The pinky finger is curled with the tip of the finger placed on the wood next to the screw. The violin produces louder notes with greater bow speed or more weight on the string. The two methods are not equivalent, because they produce different timbres; pressing down on the string tends to produce a harsher, more intense sound. One can also achieve a louder sound by placing the bow closer to the bridge. The sounding point where the bow intersects the string also influences timbre or "tone colour".

Playing close to the bridge sul ponticello gives a more intense sound than usual, emphasizing the higher harmonics; and playing with the bow over the end of the fingerboard sul tasto makes for a delicate, ethereal sound, emphasizing the fundamental frequency. Suzuki referred to the sounding point as the Kreisler highway ; one may think of different sounding points as lanes in the highway. Various methods of attack with the bow produce different articulations. There are many bowing techniques that allow for every range of playing style and many teachers, players, and orchestras spend a lot of time developing techniques and creating a unified technique within the group.

A note marked pizz. The index finger is most commonly used here. In left-hand pizzicato, two fingers are put on the string; one usually the index or middle finger is put on the correct note, and the other usually the ring finger or little finger is put above the note. The higher finger then plucks the string while the lower one stays on, thus producing the correct pitch.

By increasing the force of the pluck, one can increase the volume of the note that the string is producing. Pizzicato is used in orchestral works and in solo showpieces. In orchestral parts, violinists often have to make very quick shifts from arco to pizzicato, and vice versa. A marking of col legno Italian for "with the wood" in the written music calls for striking the string s with the stick of the bow, rather than by drawing the hair of the bow across the strings.

This bowing technique is somewhat rarely used, and results in a muted percussive sound. The eerie quality of a violin section playing col legno is exploited in some symphonic pieces, notably the "Witches' Dance" of the last movement of Berlioz's Symphonie Fantastique. Some violinists, however, object to this style of playing as it can damage the finish and impair the value of a fine bow, but most of such will compromise by using a cheap bow for at least the duration of the passage in question.

A smooth and even stroke during which bow speed and weight are the same from beginning of the stroke to the end. Literally hammered , a strongly accented effect produced by releasing each bowstroke forcefully and suddenly. It is sometimes indicated in written music by an arrowhead. Tremolo is the very rapid repetition typically of a single note, but occasionally of multiple notes , usually played at the tip of the bow. Tremolo is marked with three short, slanted lines across the stem of the note. Tremolo is often used as a sound effect in orchestral music, particularly in the Romantic music era and in opera music.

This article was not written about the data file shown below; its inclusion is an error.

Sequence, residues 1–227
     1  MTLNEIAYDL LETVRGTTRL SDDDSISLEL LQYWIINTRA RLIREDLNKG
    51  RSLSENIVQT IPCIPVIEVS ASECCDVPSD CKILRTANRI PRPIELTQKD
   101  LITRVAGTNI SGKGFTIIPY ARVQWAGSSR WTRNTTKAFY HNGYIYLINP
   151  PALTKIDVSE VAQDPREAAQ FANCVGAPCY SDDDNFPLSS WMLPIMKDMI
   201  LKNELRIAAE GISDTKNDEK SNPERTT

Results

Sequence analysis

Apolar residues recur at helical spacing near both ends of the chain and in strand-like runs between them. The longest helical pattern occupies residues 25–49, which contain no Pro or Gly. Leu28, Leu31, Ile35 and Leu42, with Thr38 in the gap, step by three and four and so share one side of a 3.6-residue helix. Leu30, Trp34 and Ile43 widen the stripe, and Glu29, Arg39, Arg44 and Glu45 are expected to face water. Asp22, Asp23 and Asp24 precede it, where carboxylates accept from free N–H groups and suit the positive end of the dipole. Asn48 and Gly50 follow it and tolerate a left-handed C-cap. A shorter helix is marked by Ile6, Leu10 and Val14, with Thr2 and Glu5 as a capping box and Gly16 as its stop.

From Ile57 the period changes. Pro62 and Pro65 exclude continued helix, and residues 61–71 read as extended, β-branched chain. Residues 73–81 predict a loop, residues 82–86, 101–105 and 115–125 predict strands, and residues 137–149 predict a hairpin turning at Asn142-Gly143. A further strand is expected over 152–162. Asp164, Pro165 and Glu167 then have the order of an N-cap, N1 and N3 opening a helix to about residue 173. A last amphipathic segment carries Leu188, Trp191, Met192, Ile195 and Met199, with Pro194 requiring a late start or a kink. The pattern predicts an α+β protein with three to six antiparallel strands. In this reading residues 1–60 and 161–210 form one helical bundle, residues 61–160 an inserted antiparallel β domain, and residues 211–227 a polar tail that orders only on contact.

Attaching a small metal, rubber, leather, or wooden device called a mute , or sordino , to the bridge of the violin gives a softer, more mellow tone, with fewer audible overtones ; the sound of an entire orchestral string section playing with mutes has a hushed quality. The mute changes both the loudness and the timbre "tone colour" of a violin. The conventional Italian markings for mute usage are con sord. Larger metal, rubber, or wooden mutes are widely available, known as practice mutes or hotel mutes. Such mutes are generally not used in performance, but are used to deaden the sound of the violin in practice areas such as hotel rooms.

For practicing purposes there is also the mute violin , a violin without a sound box. Since the Baroque era, the violin has been one of the most important of all instruments in classical music , for several reasons. The tone of the violin stands out above other instruments, making it appropriate for playing a melody line.


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In the hands of a good player, the violin is extremely agile, and can execute rapid and difficult sequences of notes. Violins make up a large part of an orchestra , and are usually divided into two sections, known as the first and second violins. Composers often assign the melody to the first violins, typically a more difficult part using higher positions, while second violins play harmony, accompaniment patterns or the melody an octave lower than the first violins.

A string quartet similarly has parts for first and second violins, as well as a viola part, and a bass instrument, such as the cello or, rarely, the double bass. The earliest references to jazz performance using the violin as a solo instrument are documented during the first decades of the 20th century. Joe Venuti , one of the first jazz violinists, is known for his work with guitarist Eddie Lang during the s.

While not primarily jazz violinists, Darol Anger and Mark O'Connor have spent significant parts of their careers playing jazz. The Indian violin, while essentially the same instrument as that used in Western music, is different in some senses. The tonic sa do is not fixed, but variably tuned to accommodate the vocalist or lead player.

The way the musician holds the instrument varies from Western to Indian music. In Indian music the musician sits on the floor cross-legged with the right foot out in front of them. The scroll of the instrument rests on the foot. This position is essential to playing well due to the nature of Indian music. The hand can move all over the fingerboard and there is no set position for the left hand, so it is important for the violin to be in a steady, unmoving position. Up through at least the s, most types of popular music used bowed string sections. They were extensively used in popular music throughout the s and early s.